What You Should Know About The Differential Diagnosis
Psoriasis and tinea corporis. When there is a characteristic red, scaly lesion that is bilateral and symmetrical, clinicians can easily confuse this with psoriasis and tinea corporis. Guttate psoriasis presents as small, salmon-pink colored droplets on the skin that are covered with a fine scale on the upper extremities and trunk. This skin eruption usually follows a Strep-based upper respiratory tract infection. Tinea corporis presents as an erythematous, scaly annular plaque, which eventually has central resolution of the lesion with an advancing border at the periphery.
Lupus erythematosus. Due to lichen planus occurring on the generally sun exposed upper extremity, one must rule out lupus erythematosus. Patients who present with only scalp or oral lesions are particularly difficult to differentiate and a biopsy is necessary. If there is a malar rash (i.e. the characteristic butterfly facial rash) or atrophic scarring occurs following the initial skin rash on the sun exposed areas, physicians should strongly consider systemic lupus erythematosus and discoid lupus erythematosus.
Pityriasis rosea and secondary syphilis. If the lesions began on the chest or back, and have begun to spread to the extremities, physicians should rule out pityriasis rosea. If the patient can remember a “herald patch” on the chest or back, that information is particularly helpful in diagnosing pityriasis rosea. Secondary syphilis is very similar in appearance to pityriasis rosea and is also a differential.
Drug reaction. Lichen planus itself can be a response to an exogenous medication. Lichenoid drug eruptions or drug-induced lichen planus can be virtually indistinguishable both clinically and pathologically from idiopathic lichen planus. The most common drugs that may lead to these reactions are ACE inhibitors, thiazide diuretics and antimalarials.
Onychomycosis. In the aforementioned patient case study, the nail disease was prevalent at the proximal nail plate and one could misdiagnose this as proximal subungual onychomycosis. It is important to look at all skin surfaces, ask pertinent questions and perform a nail culture/biopsy before placing a patient such as this on oral antifungals.
Keys To Treating Lichen Planus
The oral, skin and nail disease in this case led to the diagnosis clinically. For the aforementioned patient, we utilized systemic corticosteroids (prednisone taper) and injections of triamcinolone acetonide into the proximal nail fold in order to target the matrix.7 I explained to the patient that the nails may be permanently scarred and the oral lesions may remain for years. I referred the patient to an ENT physician for further evaluation of the oral lichen planus.
Lichen planus can be a frustrating condition to treat as no truly efficient regimen has been described in the literature to date. Cutaneous lichen planus lesions generally have a life span of anywhere from six months to 18 months and have the potential to spontaneously regress. In my clinical experience, the lesions can last up to 24 months and can become a chronic relapsing phenomenon. If the skin eruption is caused by a drug, then the patient should obviously discontinue that medication.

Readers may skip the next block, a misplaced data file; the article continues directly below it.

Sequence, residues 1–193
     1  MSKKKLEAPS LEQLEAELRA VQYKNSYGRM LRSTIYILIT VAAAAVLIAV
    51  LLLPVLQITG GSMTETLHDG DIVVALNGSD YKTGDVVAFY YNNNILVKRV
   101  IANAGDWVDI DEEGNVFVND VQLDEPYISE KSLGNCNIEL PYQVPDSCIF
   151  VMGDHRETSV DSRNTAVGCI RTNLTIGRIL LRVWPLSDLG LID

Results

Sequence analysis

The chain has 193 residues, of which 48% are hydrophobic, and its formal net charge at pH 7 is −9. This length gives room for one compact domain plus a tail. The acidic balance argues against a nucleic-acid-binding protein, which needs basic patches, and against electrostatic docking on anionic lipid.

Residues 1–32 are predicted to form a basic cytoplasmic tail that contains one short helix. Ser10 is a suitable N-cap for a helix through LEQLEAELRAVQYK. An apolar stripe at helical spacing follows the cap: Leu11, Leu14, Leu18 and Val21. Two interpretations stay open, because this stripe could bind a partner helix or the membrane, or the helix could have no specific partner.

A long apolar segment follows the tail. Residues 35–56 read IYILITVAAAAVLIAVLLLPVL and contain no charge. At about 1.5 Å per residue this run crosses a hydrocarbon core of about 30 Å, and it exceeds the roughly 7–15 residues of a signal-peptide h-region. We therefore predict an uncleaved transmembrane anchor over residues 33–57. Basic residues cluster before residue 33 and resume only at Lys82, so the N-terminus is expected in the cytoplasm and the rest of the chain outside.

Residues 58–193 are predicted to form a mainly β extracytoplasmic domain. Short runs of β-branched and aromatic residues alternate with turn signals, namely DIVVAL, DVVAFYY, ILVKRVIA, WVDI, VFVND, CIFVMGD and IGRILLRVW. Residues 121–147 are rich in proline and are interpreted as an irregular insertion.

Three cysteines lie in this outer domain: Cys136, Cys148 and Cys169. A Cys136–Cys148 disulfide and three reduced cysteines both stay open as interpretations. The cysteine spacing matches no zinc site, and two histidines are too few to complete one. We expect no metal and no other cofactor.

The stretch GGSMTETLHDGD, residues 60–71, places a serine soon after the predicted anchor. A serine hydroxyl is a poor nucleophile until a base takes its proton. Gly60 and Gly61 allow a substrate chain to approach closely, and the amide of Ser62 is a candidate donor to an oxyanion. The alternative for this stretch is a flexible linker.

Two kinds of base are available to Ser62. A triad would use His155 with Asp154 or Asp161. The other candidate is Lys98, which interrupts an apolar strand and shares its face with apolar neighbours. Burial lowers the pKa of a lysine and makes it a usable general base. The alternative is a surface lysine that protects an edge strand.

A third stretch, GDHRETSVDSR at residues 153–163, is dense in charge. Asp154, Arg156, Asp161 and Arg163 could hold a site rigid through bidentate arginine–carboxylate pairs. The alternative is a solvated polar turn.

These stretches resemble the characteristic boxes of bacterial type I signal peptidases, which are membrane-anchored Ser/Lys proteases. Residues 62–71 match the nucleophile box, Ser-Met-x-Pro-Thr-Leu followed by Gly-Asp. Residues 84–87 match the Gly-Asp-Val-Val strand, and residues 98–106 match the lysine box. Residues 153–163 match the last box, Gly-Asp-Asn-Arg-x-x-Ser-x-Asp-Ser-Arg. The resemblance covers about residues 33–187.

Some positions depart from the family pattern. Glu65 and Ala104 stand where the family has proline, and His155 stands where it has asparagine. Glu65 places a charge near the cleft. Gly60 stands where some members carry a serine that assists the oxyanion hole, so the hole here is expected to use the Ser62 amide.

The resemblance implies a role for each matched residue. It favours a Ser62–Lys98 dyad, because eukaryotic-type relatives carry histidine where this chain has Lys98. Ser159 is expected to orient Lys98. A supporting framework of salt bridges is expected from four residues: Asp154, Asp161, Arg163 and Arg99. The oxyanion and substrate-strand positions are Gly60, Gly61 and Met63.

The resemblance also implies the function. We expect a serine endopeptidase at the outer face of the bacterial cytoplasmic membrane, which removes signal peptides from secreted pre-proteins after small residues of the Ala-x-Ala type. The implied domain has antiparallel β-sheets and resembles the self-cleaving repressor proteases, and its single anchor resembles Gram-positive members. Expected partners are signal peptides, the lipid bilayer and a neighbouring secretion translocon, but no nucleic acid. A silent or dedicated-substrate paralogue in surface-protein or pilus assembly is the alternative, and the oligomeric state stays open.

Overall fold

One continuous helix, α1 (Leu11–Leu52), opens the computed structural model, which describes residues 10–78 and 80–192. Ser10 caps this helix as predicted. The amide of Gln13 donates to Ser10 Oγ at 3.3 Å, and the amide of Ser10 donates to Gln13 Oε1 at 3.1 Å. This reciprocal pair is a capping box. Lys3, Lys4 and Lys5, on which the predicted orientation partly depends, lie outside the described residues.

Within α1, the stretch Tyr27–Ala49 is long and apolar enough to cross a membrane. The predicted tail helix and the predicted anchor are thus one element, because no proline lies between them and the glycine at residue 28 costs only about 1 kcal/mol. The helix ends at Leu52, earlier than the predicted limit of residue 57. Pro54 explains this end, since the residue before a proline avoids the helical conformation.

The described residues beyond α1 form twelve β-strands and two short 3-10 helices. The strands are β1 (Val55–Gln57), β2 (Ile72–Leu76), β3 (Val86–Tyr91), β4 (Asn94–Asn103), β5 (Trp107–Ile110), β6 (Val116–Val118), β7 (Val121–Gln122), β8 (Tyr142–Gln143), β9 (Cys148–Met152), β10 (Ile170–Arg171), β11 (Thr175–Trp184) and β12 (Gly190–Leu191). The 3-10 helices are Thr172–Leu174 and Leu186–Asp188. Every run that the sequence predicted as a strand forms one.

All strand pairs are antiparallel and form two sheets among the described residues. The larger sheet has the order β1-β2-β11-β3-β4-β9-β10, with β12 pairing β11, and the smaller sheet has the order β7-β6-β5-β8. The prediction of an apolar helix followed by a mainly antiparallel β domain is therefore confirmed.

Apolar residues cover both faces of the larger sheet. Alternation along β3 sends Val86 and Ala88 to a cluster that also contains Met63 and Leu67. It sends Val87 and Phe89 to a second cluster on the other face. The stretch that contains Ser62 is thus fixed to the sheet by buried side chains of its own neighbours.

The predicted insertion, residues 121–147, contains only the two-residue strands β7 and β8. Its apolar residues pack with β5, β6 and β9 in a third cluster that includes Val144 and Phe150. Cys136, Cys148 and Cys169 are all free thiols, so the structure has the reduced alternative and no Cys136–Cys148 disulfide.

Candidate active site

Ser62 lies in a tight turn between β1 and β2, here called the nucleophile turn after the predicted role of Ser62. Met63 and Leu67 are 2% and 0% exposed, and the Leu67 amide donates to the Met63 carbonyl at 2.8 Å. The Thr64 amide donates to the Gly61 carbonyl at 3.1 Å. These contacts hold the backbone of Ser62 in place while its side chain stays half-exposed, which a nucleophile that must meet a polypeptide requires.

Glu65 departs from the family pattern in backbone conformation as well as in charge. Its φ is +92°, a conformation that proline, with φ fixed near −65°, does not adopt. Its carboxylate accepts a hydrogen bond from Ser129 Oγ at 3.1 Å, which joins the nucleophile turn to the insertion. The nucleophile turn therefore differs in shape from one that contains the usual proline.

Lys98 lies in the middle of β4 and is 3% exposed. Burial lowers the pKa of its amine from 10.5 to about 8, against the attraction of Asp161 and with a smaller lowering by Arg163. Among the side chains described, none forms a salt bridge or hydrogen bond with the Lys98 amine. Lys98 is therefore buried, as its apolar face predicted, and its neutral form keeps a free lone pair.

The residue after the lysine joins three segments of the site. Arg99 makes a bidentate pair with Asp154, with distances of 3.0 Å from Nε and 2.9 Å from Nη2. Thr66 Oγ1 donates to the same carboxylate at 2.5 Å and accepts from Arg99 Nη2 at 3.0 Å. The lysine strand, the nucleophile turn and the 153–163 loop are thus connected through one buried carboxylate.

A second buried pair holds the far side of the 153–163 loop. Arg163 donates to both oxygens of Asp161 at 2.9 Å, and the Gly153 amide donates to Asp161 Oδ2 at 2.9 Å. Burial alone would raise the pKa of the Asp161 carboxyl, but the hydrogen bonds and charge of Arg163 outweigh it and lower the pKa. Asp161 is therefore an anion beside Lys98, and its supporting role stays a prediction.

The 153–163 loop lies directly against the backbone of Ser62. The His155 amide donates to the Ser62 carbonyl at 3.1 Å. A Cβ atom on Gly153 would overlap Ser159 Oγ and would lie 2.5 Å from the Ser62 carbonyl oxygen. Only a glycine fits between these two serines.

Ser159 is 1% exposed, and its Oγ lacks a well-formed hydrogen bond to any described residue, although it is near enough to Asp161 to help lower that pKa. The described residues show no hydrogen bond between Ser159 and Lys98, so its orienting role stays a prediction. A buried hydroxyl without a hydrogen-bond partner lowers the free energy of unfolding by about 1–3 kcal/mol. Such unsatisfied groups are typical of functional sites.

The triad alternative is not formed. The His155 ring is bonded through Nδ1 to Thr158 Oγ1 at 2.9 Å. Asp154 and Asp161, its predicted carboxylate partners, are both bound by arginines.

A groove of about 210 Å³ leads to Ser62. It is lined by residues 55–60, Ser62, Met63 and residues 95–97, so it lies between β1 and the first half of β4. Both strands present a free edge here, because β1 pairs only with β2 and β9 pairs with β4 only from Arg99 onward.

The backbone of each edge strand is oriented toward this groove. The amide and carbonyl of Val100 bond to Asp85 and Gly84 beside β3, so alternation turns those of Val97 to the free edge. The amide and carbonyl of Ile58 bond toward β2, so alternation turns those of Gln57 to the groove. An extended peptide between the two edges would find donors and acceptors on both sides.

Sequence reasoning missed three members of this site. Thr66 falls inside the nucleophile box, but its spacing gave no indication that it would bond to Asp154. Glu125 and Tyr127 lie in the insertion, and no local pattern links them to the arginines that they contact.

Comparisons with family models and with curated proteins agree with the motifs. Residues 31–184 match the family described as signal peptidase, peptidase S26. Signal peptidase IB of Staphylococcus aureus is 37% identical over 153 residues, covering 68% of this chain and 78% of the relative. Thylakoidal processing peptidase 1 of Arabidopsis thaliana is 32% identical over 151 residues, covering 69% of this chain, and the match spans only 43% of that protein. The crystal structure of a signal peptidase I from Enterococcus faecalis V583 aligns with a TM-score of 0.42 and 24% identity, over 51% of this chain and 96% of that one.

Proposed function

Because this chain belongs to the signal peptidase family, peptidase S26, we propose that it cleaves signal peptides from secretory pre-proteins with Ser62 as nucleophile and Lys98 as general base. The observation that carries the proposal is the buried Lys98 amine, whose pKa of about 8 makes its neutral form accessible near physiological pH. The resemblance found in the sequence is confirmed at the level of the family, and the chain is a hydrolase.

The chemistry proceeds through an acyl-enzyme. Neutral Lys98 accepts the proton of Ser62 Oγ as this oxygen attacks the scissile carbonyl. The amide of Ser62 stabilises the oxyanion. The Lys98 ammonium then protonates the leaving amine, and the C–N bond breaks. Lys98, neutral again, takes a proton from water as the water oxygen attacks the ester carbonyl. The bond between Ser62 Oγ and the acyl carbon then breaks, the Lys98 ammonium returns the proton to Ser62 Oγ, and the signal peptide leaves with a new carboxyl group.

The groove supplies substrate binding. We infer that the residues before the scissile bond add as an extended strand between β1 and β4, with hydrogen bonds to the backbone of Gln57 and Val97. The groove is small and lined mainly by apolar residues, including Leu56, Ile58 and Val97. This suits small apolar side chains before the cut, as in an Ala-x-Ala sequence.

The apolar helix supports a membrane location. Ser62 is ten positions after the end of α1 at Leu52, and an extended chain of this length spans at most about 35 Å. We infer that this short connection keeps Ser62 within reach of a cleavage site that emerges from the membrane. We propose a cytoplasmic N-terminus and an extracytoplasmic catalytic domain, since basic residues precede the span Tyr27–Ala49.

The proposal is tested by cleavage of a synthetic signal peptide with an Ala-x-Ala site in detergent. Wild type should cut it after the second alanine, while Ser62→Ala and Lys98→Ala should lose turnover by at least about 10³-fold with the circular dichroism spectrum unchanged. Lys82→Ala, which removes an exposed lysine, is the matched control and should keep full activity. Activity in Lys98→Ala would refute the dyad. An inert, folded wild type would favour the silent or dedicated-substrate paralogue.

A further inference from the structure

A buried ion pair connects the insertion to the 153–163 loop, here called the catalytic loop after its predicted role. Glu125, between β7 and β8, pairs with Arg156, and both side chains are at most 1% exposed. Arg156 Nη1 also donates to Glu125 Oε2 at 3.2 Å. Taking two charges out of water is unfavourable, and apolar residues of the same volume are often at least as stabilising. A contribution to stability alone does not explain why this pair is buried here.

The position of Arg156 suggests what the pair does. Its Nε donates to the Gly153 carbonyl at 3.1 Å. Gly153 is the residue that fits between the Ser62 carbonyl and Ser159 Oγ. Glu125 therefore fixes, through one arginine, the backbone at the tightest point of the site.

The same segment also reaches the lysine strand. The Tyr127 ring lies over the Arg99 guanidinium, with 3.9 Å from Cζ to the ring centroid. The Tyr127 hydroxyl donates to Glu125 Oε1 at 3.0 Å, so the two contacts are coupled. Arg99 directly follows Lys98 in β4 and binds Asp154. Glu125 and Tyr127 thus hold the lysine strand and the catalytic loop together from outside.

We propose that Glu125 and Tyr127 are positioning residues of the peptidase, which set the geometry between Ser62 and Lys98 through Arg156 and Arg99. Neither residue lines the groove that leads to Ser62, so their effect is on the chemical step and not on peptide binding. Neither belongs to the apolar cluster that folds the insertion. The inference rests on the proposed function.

The first line of treatment for both the nails and the skin is a super-potent topical corticosteroid. Researchers have described the use of intralesional steroids for the nail matrix and pruritic lesions. Systemically, oral prednisone, retinoids (acitretin), griseofulvin and metronidazole have had some success. Finally, phototherapy, such as PUVA or narrowband UVB, has offered some relief in this patient population.8
Dr. Vlahovic is an Associate Professor at the Temple University School of Medicine. She is a Fellow of the American Professional Wound Care Association and is board certified by the American Board of Podiatric Surgery.
Dr. Vlahovic pens a bimonthly blog for Podiatry Today. For more info, visit www.podiatrytoday.com/blogs
For further reading, see “What You Should Know About Lichen Planus” in the June 2007 issue of Podiatry Today.
1. Boyd AS, Neldner KH. Lichen Planus. J Am Acad Dermatol. 1991; 25(4):593-619.
2. James WD, Berger TG, Elston DM. Lichen planus and related conditions. In: Andrews’ Diseases of the Skin: Clinical Dermatology, 10th ed. WB Saunders, Philadelphia, 2006, p. 217.
3. Silverman S, Gorsky M, Luzada-Nur F. A prospective follow-up study of 570 patients with oral lichen planus: persistence, remission, and malignant association. Oral Surg Oral Med Oral Pathol. 1985; 60(1): 30-4.
4. Bigby M. The relationship between lichen planus and hepatitis C clarified. Arch Dermatol. 2009; 145(9):1048-50.
5. Ingafou M, Leao JC, Porter SR, et al. Oral lichen planus: a retrospective study of 690 British patients. Oral Dis. 2006; 12(5):463-8.
6. Holzberg M. Common nail disorders. Dermatol Clin 2006; 24(3):349-54.
7. Grover C, Bansal S, Nanda S, et al. Efficacy of triamcinolone acetonide in various acquired nail dystrophies. J Dermatol 2005; 32(12):963-8.
8. Cribier B, Frances C, Chosidow O. Treatment of lichen planus. An evidence-based medicine analysis of efficacy. Arch Dermatol. 1998; 134(12):1521-30.